Legal Question in Family Law in Missouri

Moving to a different part of the same state

Right now I live in St. Peters, Missouri and I am getting married. My fience lives in Kansas City, Missouri. We feel that it would benefit us better if me and my daughter move there. The schools are rated higher than the schools where we are currently at which is just another reason we feel this is the best move for us. It is in the same state as my ex lives and he is threatning me and telling me he is not going to allow her to move. She wants to move with us and I need to know if I have anything to worry about. There are several things in our court papers that he has not followed through with as the non custodial parent. Does he have any right to keep us from moving? We are willing to drive half way every other weekend so he can still see her on his weekends.

I look forward to hearing from you and I hope you can help me.

Thank you!

Asked on 11/14/06, 4:57 pm

2 Answers from Attorneys

Jeffrey Carey Carey Law Firm, LLC

Re: Moving to a different part of the same state

You need to review Missouri statute 457.377. You are required to give written notice, via certified mail, along with other requirements. Your ex can oppose the move and the Court will need to determine if the move is in the best interests of the child.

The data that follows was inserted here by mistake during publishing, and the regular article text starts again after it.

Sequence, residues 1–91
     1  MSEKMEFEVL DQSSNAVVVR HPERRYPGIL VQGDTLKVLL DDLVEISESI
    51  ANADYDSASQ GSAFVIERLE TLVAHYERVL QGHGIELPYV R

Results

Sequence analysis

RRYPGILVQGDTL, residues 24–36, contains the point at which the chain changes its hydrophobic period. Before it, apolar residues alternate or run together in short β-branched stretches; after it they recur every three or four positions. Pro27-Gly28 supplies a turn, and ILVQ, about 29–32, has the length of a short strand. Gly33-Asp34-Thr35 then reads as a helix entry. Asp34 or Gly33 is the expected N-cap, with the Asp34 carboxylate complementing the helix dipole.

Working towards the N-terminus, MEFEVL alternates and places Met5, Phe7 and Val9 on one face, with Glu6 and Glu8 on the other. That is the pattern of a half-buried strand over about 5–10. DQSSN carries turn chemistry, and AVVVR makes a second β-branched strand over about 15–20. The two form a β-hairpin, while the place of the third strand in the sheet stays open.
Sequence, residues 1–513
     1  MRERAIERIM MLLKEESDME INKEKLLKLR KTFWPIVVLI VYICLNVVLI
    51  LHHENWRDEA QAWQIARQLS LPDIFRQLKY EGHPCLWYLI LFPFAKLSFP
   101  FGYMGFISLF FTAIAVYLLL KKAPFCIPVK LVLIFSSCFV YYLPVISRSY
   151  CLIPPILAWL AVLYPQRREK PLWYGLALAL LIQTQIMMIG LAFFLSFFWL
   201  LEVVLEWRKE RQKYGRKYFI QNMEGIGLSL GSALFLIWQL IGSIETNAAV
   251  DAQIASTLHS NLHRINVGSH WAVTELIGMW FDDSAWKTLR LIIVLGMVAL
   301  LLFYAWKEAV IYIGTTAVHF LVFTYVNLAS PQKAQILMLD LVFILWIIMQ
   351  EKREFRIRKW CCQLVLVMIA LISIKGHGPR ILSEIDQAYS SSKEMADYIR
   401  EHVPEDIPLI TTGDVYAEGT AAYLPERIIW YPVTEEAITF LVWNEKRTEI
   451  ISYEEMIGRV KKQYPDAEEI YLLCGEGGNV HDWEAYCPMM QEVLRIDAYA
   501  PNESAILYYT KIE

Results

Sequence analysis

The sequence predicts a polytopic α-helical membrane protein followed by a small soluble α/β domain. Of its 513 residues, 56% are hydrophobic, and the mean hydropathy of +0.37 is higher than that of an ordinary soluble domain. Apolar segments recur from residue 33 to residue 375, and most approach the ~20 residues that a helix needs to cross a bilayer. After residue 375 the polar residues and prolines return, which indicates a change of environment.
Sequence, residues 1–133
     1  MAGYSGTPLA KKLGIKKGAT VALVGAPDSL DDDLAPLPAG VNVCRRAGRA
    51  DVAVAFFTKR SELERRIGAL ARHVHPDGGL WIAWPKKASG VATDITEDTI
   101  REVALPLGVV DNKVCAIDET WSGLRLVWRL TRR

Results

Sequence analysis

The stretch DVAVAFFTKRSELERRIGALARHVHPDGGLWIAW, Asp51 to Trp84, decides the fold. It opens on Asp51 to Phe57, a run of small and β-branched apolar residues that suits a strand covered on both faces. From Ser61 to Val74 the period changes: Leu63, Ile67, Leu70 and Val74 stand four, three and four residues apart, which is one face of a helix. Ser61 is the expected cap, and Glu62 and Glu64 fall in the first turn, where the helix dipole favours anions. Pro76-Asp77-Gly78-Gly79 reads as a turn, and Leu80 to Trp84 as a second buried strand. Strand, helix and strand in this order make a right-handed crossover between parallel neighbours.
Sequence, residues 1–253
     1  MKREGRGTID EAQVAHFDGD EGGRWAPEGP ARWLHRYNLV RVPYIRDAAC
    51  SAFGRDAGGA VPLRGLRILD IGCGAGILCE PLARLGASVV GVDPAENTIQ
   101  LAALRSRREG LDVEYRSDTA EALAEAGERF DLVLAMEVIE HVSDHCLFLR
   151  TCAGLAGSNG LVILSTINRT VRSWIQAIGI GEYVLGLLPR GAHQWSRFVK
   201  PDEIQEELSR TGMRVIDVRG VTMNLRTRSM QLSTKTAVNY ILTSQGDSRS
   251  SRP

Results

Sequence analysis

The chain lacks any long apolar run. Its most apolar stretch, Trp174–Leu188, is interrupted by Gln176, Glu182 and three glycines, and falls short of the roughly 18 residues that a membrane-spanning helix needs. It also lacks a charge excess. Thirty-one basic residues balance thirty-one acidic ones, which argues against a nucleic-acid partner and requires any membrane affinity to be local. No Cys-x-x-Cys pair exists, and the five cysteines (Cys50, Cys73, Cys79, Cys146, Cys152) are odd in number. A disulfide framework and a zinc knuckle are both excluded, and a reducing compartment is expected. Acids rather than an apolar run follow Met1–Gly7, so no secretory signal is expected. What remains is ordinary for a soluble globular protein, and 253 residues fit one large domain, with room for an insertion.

Read more
Answered on 11/14/06, 5:46 pm
Michael R. Nack Michael R. Nack, Attorney at Law

Re: Moving to a different part of the same state

This problem has become so common is recent years that we refer to one of these as a "relocation case". In just the last few years the legislature has even enacted a statute dealing specifically with this issue. Assuming that you are the custodial parent and wish to relocate, you must give your ex written notice including all of the information required by the statute. Your ex then has sixty days to file a Motion in Court Objecting to your moving with your daughter. You should definitely be represented by an attorney. Many times we are able to work out an agreement which provides the non-custodial parent substantial time with the child and also provides for transportation, expenses and other matters. When a settlement is not possible, you can have a hearing at which the Judge will receive evidence and make the decision on whether you are allowed to relocate with the child or not. I am in St. Louis County and have had cases such as this in several of the Counties surrounding St. Louis. If you do not already have an attorney, you may call me for a free telephone consultation.

Read more
Answered on 11/16/06, 1:14 am

Related Questions & Answers

More Family Law, Divorce, Child Custody and Adoption questions and answers in Missouri